Macadamia nuts are another concern. A recent paper written by Dr. Ross McKenzie, a Veterinary Pathologist with the Department of Primary Industries, points to the danger of raw and roasted macadamia nuts for pets. The toxic compound is unknown but the affect of macadamia nuts is to cause locomotory difficulties. Dogs develop a tremor of the skeletal muscles, and weakness or paralysis of the hindquarters. Affected dogs are often unable to rise and are distressed, usually panting. Some affected dogs have swollen limbs and show pain when the limbs are manipulated.
Dogs have been affected by eating as few as six macadamia kernels (nuts without the shell) while others had eaten approximately forty kernels. Some dogs had also been given macadamia butter.Luckily, the muscle weakness, while painful, seems to be of short duration and all dogs recovered from the toxicity. All dogs were taken to their veterinary surgeon.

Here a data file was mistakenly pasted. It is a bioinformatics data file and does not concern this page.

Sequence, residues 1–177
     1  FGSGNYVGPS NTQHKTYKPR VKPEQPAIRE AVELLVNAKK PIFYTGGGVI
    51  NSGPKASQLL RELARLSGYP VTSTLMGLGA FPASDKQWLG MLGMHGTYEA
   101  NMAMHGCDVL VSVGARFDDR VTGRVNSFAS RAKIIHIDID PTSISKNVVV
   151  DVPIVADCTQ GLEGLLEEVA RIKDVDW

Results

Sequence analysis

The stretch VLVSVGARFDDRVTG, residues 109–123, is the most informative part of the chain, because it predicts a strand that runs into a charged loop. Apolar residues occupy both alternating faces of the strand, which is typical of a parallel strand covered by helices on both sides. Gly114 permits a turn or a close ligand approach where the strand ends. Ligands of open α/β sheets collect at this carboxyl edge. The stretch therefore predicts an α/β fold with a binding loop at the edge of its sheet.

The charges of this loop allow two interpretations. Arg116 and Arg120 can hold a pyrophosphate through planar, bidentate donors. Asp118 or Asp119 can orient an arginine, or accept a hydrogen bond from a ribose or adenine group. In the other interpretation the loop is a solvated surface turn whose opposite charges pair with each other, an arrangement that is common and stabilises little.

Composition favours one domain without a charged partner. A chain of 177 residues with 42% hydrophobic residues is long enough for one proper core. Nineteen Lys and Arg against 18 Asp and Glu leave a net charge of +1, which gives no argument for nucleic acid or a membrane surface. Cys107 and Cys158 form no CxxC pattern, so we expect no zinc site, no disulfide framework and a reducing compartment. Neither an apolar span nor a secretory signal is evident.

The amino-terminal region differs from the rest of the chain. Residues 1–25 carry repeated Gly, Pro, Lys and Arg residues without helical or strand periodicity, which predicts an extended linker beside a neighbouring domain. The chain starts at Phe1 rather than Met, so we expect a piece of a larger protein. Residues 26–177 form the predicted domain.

Pets owners should not assume that human food is always safe for pets. When it comes to chocolate, onions, garlic and macadamia nuts, such foods should be given in only small quantities, or not at all. Be sure that your pets can’t get into your stash of chocolates, that food scraps are disposed of carefully to prevent onion and garlic toxicity and that your dog is prevented from picking up macadamia nuts if you have a tree in your garden.Other potential dangers
Pear pips, the kernels of plums, peaches and apricots, apple core pips (contain cyanogenic glycosides resulting in cyanide posioning)
Sugar, candy, ice-cream
Potato peelings and green looking potatoes
Coffee grounds, beans & tea (caffeine)